The methyltransferases are also important in maintaining genomic stability of neural stem cells. Then 2009 study Cellular epigenetic modifications of neural stem cell differentiation reports : “Emerging information indicates that epigenetic modification (i.e., histone code and DNA methylation) may be integral to the maintenance and differentiation of neural stem cells (NSCs), but their actual involvement has not yet been illustrated. In this study, we demonstrated the dynamic nature of epigenetic marks during the differentiation of quiescent adult rat NSCs in neurospheres. A subpopulation of OCT4(+) NSCs in the neurosphere contained histone marks, trimethylated histone 3 on lysine 27 (3me-H3K27), 2me-H3K4, and acetylated H4 (Ac-H4). A major decrease of these marks was found prior to or during differentiation, and was further diminished or reprogrammed in diverse subpopulations of migrated NSCs expressing nestin or beta-III-tubulin. –. Furthermore, we found an outward translocation of DNA methylation marker 5-MeC, DNMT1, DNMT3a, and MBD1 in NSCs as differentiation began and proceeded; 5-MeC from homogeneous nucleus to peripheral nucleus, and DMNT1a and 3a from nuclear to cytoplasm, indicating chromatin remodeling. — These results indicate that chromatin is dynamically remodeled when NSCs transform from the quiescent state to active growth, and that DNA methylation modification is essential for neural stem cell differentiation.”
Embryonic and induced pluripotent stem cells and maintenance of pluripotency
The methyltransferases play somewhat of a different role when it comes to fully pluripotent cells – embryonic stem cells and, most likely, induced pluripotent stem cells. Philosophically, I like the position taken in the 2008 paper Capturing pluripotency. “In this Essay, we argue that pluripotent epiblast founder cells in the embryo and embryonic stem (ES) cells in culture represent the ground state for a mammalian cell, signified by freedom from developmental specification or epigenetic restriction and capacity for autonomous self-replication. We speculate that cell-to-cell variation may be integral to the ES cell condition, safe-guarding self-renewal while continually presenting opportunities for lineage specification.”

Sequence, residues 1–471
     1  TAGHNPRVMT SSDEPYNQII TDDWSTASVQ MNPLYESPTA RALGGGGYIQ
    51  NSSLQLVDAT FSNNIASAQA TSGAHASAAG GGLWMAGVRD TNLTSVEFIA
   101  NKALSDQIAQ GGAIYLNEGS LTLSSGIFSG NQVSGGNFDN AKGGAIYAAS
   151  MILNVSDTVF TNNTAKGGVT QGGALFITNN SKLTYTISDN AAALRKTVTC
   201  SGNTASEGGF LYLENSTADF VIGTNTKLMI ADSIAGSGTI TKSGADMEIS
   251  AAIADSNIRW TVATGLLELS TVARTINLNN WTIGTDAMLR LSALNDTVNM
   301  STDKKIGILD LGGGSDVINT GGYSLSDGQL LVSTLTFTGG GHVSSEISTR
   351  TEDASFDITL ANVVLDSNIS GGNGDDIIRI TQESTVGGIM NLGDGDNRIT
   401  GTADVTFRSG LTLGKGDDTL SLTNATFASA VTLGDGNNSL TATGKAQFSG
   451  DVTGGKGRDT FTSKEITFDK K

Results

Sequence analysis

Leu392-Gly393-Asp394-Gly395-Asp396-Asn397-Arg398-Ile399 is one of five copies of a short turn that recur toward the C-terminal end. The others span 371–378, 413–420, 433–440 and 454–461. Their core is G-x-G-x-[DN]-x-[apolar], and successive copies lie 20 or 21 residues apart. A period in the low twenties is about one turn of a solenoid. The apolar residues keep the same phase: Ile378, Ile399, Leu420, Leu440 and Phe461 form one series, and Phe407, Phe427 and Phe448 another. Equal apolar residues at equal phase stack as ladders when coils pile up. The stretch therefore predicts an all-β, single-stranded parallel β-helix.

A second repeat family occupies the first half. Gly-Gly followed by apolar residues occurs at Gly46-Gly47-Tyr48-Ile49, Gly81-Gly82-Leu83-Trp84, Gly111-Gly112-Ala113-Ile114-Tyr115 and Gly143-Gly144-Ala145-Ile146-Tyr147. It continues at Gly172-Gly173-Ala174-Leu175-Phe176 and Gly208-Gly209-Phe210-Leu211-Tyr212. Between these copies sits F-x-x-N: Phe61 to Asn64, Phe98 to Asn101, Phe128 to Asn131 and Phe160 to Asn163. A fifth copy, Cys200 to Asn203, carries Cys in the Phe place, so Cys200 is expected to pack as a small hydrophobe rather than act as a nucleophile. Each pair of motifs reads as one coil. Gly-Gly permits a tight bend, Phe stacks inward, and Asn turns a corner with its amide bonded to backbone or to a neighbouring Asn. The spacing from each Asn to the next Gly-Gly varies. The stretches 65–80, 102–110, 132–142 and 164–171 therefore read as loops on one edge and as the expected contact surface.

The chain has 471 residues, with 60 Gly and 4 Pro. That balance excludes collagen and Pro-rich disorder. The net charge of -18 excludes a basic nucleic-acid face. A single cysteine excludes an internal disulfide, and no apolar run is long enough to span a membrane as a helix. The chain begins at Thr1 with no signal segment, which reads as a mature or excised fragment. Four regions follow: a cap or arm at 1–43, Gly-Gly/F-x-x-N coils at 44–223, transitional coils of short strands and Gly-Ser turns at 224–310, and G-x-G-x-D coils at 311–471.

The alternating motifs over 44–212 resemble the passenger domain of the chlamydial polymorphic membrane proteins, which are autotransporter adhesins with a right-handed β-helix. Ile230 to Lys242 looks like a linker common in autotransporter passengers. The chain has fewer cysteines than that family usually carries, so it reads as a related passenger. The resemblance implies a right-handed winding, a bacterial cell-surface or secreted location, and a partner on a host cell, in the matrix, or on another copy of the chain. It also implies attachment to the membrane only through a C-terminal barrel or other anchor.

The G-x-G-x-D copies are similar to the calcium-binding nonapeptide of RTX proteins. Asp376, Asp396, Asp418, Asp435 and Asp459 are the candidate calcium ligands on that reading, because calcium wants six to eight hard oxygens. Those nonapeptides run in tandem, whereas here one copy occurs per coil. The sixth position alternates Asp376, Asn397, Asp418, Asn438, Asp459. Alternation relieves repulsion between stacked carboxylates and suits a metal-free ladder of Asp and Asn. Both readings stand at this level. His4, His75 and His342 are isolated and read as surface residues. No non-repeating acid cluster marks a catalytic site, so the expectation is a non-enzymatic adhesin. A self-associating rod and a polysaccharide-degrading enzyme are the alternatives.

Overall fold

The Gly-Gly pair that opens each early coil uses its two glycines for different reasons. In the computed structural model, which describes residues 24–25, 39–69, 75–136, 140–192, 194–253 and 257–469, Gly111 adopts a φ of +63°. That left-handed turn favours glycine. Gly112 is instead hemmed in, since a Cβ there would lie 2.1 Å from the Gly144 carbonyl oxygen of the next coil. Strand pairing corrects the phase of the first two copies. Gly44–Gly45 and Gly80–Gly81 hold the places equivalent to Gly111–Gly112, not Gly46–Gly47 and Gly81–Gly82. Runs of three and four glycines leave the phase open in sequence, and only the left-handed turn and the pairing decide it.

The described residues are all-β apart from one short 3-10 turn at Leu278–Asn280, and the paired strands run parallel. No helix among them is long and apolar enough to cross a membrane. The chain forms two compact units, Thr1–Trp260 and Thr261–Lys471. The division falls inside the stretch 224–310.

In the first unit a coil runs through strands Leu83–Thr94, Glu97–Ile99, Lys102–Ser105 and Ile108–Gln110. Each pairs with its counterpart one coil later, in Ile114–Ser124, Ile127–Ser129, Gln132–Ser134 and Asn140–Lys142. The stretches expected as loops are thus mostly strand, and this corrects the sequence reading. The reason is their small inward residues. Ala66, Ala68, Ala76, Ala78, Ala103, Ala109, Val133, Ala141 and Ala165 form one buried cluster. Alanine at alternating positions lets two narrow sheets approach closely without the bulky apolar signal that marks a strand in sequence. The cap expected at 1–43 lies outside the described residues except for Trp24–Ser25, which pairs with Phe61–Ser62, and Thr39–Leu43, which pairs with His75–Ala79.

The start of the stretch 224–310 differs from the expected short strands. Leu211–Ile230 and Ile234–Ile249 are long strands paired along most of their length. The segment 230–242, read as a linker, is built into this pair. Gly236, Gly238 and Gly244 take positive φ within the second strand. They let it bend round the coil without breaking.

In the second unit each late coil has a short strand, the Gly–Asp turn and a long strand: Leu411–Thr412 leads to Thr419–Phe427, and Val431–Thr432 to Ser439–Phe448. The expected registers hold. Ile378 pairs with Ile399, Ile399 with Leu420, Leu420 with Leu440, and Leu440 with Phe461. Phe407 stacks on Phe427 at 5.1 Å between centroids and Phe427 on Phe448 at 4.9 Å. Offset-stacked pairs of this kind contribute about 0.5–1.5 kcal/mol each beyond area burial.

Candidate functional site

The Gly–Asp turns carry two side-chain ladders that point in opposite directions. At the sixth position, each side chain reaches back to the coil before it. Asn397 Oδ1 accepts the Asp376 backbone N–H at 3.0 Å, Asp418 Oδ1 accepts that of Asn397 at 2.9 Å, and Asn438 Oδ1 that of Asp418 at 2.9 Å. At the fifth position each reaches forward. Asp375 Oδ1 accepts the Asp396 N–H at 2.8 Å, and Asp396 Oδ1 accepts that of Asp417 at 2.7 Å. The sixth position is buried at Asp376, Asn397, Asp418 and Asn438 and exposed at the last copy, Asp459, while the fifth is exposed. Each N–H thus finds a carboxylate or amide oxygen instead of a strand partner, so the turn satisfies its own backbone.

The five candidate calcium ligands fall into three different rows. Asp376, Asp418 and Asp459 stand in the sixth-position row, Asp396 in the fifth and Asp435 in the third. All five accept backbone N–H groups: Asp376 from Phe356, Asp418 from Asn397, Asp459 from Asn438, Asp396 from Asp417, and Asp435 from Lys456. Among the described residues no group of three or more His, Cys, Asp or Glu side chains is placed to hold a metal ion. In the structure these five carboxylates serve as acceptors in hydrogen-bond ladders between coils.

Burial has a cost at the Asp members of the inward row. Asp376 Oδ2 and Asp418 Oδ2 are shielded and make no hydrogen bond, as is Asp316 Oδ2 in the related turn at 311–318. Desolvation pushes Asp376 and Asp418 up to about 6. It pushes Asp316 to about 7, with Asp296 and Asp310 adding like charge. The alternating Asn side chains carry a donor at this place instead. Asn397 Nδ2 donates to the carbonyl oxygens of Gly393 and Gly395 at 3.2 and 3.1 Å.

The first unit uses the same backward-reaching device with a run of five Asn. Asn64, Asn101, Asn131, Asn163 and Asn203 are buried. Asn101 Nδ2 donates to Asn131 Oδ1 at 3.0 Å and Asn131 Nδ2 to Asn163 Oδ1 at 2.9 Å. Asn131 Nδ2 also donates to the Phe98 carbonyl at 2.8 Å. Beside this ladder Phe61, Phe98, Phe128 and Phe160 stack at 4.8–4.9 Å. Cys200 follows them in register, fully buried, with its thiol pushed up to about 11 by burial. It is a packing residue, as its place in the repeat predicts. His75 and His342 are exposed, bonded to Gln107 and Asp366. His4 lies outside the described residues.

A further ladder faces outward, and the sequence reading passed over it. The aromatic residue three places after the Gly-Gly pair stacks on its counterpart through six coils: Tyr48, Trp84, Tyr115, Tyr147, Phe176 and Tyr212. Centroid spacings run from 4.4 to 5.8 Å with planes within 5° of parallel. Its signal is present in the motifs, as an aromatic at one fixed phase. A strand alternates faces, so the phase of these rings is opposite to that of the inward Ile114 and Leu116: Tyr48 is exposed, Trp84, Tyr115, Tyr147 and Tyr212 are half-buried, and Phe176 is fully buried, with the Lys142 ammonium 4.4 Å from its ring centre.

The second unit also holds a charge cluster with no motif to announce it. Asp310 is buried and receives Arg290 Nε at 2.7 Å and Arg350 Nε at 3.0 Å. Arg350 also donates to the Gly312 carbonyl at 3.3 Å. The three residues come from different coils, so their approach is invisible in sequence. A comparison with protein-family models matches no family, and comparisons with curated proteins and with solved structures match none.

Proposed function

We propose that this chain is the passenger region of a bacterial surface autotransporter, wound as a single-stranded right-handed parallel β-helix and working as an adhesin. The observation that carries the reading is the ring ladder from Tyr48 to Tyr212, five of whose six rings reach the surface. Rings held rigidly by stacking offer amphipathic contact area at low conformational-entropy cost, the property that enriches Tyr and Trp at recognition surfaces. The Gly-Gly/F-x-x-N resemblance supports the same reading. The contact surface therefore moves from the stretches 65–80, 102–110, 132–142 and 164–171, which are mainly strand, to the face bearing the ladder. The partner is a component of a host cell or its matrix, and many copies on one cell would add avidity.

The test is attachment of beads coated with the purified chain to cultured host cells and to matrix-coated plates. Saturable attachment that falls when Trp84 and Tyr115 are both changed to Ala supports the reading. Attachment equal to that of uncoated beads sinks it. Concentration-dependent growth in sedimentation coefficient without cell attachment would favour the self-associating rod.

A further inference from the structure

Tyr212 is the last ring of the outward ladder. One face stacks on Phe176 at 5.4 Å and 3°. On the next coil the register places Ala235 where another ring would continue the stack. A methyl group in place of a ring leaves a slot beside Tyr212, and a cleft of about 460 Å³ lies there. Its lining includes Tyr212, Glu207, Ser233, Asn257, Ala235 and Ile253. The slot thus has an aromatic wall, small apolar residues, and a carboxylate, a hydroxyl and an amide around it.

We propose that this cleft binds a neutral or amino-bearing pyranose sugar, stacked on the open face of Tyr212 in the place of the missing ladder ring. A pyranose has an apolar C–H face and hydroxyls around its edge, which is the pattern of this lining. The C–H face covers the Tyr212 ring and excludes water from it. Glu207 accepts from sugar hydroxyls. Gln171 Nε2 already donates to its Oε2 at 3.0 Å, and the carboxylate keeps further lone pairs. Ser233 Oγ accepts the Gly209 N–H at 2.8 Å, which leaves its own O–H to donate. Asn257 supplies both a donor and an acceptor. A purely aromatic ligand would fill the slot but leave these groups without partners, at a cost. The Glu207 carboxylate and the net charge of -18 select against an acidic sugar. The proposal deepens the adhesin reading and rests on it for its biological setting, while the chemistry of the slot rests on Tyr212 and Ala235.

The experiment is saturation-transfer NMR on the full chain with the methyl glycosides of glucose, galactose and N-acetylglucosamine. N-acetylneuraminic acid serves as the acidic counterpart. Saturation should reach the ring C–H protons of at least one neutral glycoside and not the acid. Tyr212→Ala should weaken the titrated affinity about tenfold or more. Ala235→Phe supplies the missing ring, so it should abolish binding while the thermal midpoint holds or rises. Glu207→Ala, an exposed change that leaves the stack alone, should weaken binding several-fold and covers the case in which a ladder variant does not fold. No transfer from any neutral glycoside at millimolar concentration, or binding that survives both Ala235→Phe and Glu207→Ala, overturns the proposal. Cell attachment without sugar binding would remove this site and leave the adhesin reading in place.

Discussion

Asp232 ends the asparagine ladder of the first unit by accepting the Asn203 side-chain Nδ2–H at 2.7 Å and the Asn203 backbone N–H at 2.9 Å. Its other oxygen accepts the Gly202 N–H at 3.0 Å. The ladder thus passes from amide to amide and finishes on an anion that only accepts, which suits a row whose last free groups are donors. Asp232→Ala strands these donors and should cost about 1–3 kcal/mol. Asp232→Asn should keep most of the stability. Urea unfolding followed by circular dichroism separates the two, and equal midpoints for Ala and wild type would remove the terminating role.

A key question is “When does a pluripotent stem cell like an Esc or iPSC stay pluripotent and when does it differentiate into a less-pluripotent state? Addressing this question is the September 2009 publication Regulation of stem cell pluripotency and differentiation involves a mutual regulatory circuit of the NANOG, OCT4, and SOX2 pluripotency transcription factors with polycomb repressive complexes and stem cell microRNAs. “Coordinated transcription factor networks have emerged as the master regulatory mechanisms of stem cell pluripotency and differentiation. Many stem cell-specific transcription factors, including the pluripotency transcription factors, OCT4, NANOG, and SOX2 function in combinatorial complexes to regulate the expression of loci, which are involved in embryonic stem (ES) cell pluripotency and cellular differentiation. This review will address how these pathways form a reciprocal regulatory circuit whereby the equilibrium between stem cell self-renewal, proliferation, and differentiation is in perpetual balance. We will discuss how distinct epigenetic repressive pathways involving polycomb complexes, DNA methylation, and microRNAs cooperate to reduce transcriptional noise and to prevent stochastic and aberrant induction of differentiation. We will provide a brief overview of how these networks cooperate to modulate differentiation along hematopoietic and neuronal lineages.”